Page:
DeJear releases education plan focused on more funding for Iowa public schools
Democratic Iowa gubernatorial candidate Deidre DeJear released her education plan — the first day of school for many students — on Wednesday, which proposes rapidly increasing funding for public schools.
“We have over 95% of our students in the state, in a public school system,” she said. “And we need to make sure the system works in a way that prepares them for a future without limits.”
DeJear said she chose her education project to be his first political announcement “because it is essential”.
She is offering to immediately send $300 million to public schools from the state’s projected budget surplus of more than $1 billion to help make up for what she said is a funding shortfall from the Kindergarten to Grade 12 in recent years. DeJear is also proposing a minimum 4% annual increase in base funding per public school student.
“Our governor is defunding these systems and starving them in such a way that people are raising their hands and saying, ‘So we still have to make do with what we have?’ Isn’t that critically important to the success of the state and the future of the state? “, she said.
Republican Gov. Kim Reynolds has proposed a 2.5% increase in per-student funding for the current school year.
DeJear said her education plan includes all Iowans, and she said that sets her apart from Reynolds. She said focusing on public schools, which educate the vast majority of Iowans, differs from Reynolds’ drive to divert public school funding to pay up to 10,000 students in private schools.
Iowa Republican Party Chairman Jeff Kaufmann released a statement accusing Democrats of supporting reckless spending and criticizing them for opposing Reynolds’ decision to require schools to offer in-person classes at full time before COVID-19 vaccines become widely available.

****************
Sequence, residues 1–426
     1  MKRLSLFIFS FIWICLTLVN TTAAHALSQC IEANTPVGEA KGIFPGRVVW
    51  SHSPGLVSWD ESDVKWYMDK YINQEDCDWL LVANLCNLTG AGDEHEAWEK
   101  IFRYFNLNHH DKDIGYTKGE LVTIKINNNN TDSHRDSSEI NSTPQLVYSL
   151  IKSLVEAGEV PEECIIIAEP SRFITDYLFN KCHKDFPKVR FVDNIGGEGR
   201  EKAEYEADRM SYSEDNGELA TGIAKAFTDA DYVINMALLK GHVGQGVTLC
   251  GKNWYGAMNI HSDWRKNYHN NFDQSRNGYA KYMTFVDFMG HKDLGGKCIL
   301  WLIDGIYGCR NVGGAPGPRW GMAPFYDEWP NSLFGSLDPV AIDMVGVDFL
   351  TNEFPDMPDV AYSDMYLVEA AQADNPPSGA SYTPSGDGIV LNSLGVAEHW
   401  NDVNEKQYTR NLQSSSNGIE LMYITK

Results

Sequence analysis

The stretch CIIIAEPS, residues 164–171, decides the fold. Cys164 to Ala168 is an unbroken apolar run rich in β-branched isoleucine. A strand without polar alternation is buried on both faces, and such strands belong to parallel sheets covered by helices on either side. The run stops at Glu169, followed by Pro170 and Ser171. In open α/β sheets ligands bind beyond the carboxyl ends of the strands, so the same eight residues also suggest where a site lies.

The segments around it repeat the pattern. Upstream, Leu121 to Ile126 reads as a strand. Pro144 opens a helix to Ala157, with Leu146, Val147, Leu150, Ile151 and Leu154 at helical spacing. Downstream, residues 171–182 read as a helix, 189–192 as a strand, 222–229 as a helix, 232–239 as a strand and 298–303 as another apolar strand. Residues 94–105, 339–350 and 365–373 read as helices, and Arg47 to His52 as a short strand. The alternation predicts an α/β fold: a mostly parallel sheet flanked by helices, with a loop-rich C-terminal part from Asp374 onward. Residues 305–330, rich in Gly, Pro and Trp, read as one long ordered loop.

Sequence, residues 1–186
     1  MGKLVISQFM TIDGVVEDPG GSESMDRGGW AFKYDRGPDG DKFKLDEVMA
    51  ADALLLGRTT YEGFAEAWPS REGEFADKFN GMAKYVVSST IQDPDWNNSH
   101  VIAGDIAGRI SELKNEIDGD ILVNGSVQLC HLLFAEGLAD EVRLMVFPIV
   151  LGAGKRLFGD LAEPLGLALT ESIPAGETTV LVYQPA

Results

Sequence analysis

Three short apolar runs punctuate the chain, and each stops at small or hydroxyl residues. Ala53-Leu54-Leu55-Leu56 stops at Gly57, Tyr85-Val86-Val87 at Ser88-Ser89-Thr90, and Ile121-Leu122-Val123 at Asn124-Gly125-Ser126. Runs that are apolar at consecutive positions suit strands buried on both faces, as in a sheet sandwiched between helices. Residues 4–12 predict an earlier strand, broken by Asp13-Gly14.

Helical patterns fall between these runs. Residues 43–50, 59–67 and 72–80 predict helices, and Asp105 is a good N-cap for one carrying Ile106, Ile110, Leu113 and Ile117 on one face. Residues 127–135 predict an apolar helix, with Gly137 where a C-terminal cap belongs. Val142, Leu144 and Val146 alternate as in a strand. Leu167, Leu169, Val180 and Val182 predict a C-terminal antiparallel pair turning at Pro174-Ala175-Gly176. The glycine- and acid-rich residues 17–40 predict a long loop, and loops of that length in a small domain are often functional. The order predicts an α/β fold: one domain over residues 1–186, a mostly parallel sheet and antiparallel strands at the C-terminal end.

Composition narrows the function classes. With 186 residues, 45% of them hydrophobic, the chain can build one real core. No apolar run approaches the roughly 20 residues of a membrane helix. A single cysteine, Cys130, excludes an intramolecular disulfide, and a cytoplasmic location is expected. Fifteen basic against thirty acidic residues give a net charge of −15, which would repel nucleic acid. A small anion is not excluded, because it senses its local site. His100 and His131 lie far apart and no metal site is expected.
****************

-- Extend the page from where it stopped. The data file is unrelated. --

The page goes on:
“Under Governor Reynolds’ leadership, Iowa students are on a better path,” Kaufmann said. “Iowa students have been empowered to learn and work alongside their peers, instead of falling behind like students across the country. With a strong budget surplus, historic tax cuts and more money going to public education every year, Iowans should vote on facts, not the Democrats’ false promises.
DeJear met with educators Wednesday morning at Capitol View Elementary School in Des Moines. She asked them questions about early childhood education, student mental health support, and perceived needs.
She said she wanted to focus on helping not just the students, but also their families.
“I love that you consider families and parents a critical part of this process as well,” said Adriyel Mondloch, community school coordinator at Capitol View Elementary. “…It really takes everybody working together, but we need this common vision, we need this common goal.”
DeJear also proposes increasing compensation for teachers, support staff and public school administrators to retain and attract workers. She wants to restore and strengthen collective bargaining rights, protect the pension fund for public employees and reinstate a loan forgiveness program for teachers.
She said she wants to work towards establishing at least 30 hours a week of pre-K for every 3- and 4-year-old child to prepare them for school and help parents stay on the job. labor market. DeJear’s plan also includes ensuring there are mental health counselors in every school and reinvesting in trades programs in public schools.